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Sixto Uncovered Chardonnay 2014

Chardonnay from Washington
  • WS94
  • RP93
  • WE93
13.5% ABV
  • JD93
  • RP92
  • WE91
  • JS91
  • WS93
  • WE91
  • RP91
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4.2 21 Ratings
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4.2 21 Ratings
13.5% ABV

Winemaker Notes

#13 Wine Spectator Top 100 of 2017

CHARDONNAY! In fact it screams it. One whiff and you know it's going to be GOOD! Lemon meringue, baking spice. A wine that is rooted to the earth. Rich. Focused. Refined.

Critical Acclaim

All Vintages
WS 94
Wine Spectator
Dynamic, yet sleek and refined, driven by a core of minerally acidity that meshes with the delicately complex apple, Meyer lemon and spicy yeast accents that linger long on the finish.
RP 93
Robert Parker's Wine Advocate
A blend of all three of the single vineyards, the 2014 Chardonnay Uncovered is every bit as good as the single vineyards. Apple, white flowers, brioche and toasted nut characteristics flow to a rich, textured, sexy Chardonnay that’s just a straight up joy to drink. The 2012s from this estate are still fresh and vibrant, so I suspect these will all have a solid 4- to 5-year drink window, if not longer. There’s roughly 1,200 cases of this killer Chardonnay, and readers owe it to themselves to give one of these a try.
WE 93
Wine Enthusiast
This wine is a blend of fruit from Frenchman Hills (33%), Moxee (28%), Roza Hills (27%) and Evergreen vineyards. The aromas show a lot of subtlety, with notes of candied ginger, lemon curd, spice, peach, cream, toast, wet stone and pineapple, revealing more on each swirl. The palate is rich but refined, showing precision and detail along with a real sense of freshness. The finish impresses. Beautiful stuff.
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Sixto
Sixto, Washington
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SIXTO, the Chardonnay-only label from Charles Smith and Brennon Leighton. Inspired by the story of musician Sixto Rodriguez (featured in the acclaimed documentary "Searching for Sugar Man"), Charles similarly wanted to resurrect something that was always great, but was waiting to be rediscovered as in the old Chardonnay vines in Washington State. Being the sixth label that Charles has created (sextus translates to "sixth" in Latin), the name SIXTO was a perfect fit.

Washington

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An important winegrowing state increasingly recognized for its high-quality reds and whites, Washington ranks second in production in the U.S. after California. Washington wines continue to gain well-deserved popularity as they garner higher and higher praise from critics and consumers alike.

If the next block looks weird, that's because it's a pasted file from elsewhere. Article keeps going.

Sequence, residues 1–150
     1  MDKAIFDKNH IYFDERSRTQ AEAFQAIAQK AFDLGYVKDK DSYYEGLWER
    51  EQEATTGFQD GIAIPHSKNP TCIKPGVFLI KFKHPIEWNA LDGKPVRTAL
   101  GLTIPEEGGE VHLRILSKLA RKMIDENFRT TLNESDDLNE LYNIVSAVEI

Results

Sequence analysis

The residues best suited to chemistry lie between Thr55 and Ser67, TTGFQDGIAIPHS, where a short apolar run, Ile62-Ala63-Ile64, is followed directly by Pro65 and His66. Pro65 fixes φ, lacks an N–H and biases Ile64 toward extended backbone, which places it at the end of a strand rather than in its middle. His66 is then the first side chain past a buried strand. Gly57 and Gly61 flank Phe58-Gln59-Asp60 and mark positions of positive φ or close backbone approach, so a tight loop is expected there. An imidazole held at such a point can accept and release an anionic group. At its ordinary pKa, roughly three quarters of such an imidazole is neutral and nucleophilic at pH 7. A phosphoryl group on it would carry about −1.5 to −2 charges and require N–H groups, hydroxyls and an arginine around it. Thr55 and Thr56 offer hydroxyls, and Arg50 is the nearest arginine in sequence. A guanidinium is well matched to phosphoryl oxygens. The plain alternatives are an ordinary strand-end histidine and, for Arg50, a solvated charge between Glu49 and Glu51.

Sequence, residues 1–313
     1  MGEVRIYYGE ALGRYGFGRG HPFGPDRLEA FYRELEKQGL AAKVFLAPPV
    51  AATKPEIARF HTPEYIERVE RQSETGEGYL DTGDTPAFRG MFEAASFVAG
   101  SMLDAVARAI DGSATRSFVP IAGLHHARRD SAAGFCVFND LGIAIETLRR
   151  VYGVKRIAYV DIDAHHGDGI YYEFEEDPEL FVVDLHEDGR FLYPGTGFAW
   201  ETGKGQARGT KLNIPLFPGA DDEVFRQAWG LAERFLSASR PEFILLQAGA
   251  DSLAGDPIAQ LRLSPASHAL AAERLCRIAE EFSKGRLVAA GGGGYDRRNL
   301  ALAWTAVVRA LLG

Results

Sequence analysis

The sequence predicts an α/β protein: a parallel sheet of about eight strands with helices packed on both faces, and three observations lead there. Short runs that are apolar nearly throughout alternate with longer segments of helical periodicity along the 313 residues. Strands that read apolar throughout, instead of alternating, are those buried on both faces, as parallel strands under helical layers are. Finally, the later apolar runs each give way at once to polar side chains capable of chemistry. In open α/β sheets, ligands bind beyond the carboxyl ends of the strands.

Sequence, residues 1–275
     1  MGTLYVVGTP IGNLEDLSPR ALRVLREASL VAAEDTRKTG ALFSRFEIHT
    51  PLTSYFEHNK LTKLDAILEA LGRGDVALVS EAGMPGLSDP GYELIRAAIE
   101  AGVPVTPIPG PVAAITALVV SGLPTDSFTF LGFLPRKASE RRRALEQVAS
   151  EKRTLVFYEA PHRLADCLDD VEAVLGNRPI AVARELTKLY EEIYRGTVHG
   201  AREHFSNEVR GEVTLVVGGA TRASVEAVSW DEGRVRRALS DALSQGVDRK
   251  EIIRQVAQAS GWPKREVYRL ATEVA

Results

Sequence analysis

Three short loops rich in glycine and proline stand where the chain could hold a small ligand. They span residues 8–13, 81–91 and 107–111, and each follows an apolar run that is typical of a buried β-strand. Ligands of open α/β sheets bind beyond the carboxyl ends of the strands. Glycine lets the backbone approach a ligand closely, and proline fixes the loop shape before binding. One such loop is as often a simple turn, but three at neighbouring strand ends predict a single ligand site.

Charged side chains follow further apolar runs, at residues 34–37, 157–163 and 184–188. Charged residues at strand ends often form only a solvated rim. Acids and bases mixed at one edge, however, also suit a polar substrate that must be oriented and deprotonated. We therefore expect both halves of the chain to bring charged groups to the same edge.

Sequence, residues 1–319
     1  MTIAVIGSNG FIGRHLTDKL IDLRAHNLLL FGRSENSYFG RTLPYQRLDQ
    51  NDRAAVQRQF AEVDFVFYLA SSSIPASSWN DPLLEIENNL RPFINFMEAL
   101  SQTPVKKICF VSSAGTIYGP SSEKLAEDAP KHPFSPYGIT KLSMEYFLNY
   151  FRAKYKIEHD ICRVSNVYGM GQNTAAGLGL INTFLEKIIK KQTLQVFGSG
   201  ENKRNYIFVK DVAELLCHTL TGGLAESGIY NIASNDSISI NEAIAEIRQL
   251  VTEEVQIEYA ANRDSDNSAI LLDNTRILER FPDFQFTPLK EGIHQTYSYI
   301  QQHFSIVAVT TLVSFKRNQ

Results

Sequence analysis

Washington winemakers draw inspiration mainly from Napa Valley, Bordeaux and the Rhône as well as increasingly from other regions like Spain and Italy. Most viticulture takes place on the eastern side of the state—an arid desert in the rain shadow of the Cascade mountains. Irrigation is made possible by the Columbia River. Temperatures are extreme, with hot and dry summers and cold winters, during which frost can be a risk.

Washington’s wine industry was initially built on Merlot, which remains an important variety to this day, despite having been overtaken in acreage planted by Cabernet Sauvignon and Syrah. Bordeaux blends and Rhône blends are common as well as single varietal bottlings. Washington reds tend to express a real purity of concentrated fruit. The best examples have a bold richness, seamless texture, plush or powdery tannins and flavors such as licorice, herb, forest floor, espresso and dark chocolate.

In terms of white wine, Riesling is the state’s major success story, producing crisp, aromatic examples with plenty of stone fruit that range from bone dry to lusciously sweet. Chardonnay and Sauvignon Blanc perform nicely here as well, and Viognier is beginning to pick up steam.

Chardonnay

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One of the most popular and versatile white wine grapes, Chardonnay offers a wide range of flavors and styles depending on where it is grown and how it is made. While practically every country in the wine producing world grows it, Chardonnay from its Burgundian homeland produces some of the most remarkable and longest lived examples. As far as cellar potential, white Burgundy rivals the world’s other age-worthy whites like Riesling or botrytized Semillon. California is Chardonnay’s second most important home, where both oaky, buttery styles and leaner, European-inspired wines enjoy great popularity. Oregon, Australia and South America are also significant producers of Chardonnay.

In the Glass

When planted on cool sites, Chardonnay flavors tend towards grapefruit, lemon zest, green apple, celery leaf and wet flint, while warmer locations coax out richer, more tropical flavors of melon, peach and pineapple. Oak can add notes of vanilla, coconut and spice, while malolactic fermentation imparts a soft and creamy texture.

Perfect Pairings

Chardonnay is as versatile at the table as it is in the vineyard. The crisp, clean, Chablis-like styles go well with flaky white fish with herbs, scallops, turkey breast and soft cheeses. Richer Chardonnays marry well with lobster, crab, salmon, roasted chicken and creamy sauces.

Sommelier Secret

Since the 1990s, big, oaky, buttery Chardonnays from California have enjoyed explosive popularity. More recently, the pendulum has begun to swing in the opposite direction, towards a clean, crisp style that rarely utilizes new oak. In Burgundy, the subregion of Chablis, while typically employing the use of older oak barrels, produces a similar bright and acid-driven style. Anyone who doesn't like oaky Chardonnay would likely enjoy its lighter style.

RPT78273399_2014 Item# 342176